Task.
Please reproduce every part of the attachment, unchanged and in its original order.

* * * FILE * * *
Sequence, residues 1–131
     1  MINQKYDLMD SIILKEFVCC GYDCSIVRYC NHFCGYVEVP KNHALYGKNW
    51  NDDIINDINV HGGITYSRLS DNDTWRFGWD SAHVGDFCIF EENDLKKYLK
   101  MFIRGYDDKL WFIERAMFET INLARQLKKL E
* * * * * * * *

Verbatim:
Sequence, residues 1–131
     1  MINQKYDLMD SIILKEFVCC GYDCSIVRYC NHFCGYVEVP KNHALYGKNW
    51  NDDIINDINV HGGITYSRLS DNDTWRFGWD SAHVGDFCIF EENDLKKYLK
   101  MFIRGYDDKL WFIERAMFET INLARQLKKL E